by Rahmat Nugroho © 2016
Candi Prambanan (Prambanan Temple), 17 km (11 miles) north-east of Yogyakarta in southern central Java in Indonesia.
Hinduism is so strongly associated with India that it’s easy to forget that it spread extensively throughout South East Asia too. The Prambanan temple complex was built in the mid-to-late 9th century and was the royal temple of the Kingdom of Mataram, but was abandoned not long after the Mataram court was shifted to East Java in about 930. The buildings collapsed in an earthquake in the 16th century. They were rediscovered in 1811, during the short-lived British occupation of the Dutch East Indies during the Napoleonic Wars.
Although there have been some efforts to reconstruct the temples, they’ve only partly succeeded because of plundering of masonry for construction elsewhere (and of sculptures for use as garden ornaments). But the main Shiva temple (the one in the photograph) was completed in 1953 and inaugurated by President Sukarno.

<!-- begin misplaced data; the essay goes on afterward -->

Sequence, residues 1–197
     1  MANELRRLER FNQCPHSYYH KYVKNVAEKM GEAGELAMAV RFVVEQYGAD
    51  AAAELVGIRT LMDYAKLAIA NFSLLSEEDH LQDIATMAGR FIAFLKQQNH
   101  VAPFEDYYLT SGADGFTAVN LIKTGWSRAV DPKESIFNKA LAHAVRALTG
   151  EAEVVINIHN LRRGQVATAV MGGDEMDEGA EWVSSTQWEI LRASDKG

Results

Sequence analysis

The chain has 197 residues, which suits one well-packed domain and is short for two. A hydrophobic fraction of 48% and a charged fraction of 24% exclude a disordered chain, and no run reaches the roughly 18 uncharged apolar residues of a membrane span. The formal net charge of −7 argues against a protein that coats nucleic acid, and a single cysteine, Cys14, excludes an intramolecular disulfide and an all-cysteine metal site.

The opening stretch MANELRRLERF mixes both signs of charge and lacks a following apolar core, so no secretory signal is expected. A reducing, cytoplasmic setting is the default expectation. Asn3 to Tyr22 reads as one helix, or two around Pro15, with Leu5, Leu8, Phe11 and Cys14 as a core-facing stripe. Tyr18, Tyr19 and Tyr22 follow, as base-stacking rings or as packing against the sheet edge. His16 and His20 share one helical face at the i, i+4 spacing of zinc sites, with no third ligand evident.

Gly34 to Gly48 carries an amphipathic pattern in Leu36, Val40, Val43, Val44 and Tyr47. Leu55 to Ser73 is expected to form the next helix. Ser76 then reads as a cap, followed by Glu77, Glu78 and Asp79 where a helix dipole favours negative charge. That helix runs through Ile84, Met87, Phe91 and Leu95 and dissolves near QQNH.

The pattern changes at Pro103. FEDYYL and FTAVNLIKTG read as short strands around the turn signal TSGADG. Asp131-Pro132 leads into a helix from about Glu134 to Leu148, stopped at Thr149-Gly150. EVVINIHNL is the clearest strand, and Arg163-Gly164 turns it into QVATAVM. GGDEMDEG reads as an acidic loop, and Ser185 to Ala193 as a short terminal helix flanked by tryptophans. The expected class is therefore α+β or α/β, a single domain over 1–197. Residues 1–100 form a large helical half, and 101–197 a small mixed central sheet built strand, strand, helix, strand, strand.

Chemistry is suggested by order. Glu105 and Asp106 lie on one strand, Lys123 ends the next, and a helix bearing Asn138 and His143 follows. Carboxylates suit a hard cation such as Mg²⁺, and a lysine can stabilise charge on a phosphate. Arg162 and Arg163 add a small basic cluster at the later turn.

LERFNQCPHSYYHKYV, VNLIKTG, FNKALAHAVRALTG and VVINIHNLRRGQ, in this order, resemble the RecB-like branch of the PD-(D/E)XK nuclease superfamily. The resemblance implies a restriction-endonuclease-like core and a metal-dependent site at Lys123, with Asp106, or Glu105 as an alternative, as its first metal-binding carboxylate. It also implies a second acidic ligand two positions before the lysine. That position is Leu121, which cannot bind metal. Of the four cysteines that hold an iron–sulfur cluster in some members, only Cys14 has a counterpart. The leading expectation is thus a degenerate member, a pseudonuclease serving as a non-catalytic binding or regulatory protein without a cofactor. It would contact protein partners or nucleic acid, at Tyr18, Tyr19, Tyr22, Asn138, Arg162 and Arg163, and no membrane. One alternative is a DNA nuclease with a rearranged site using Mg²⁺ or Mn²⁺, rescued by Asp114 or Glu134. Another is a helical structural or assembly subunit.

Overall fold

While Indonesia is the world’s most populous Muslim country – more than 5 out of 6 of its 255-million-strong population are Muslims – it still has a small (1.7%) Hindu minority, most of whom live on Bali.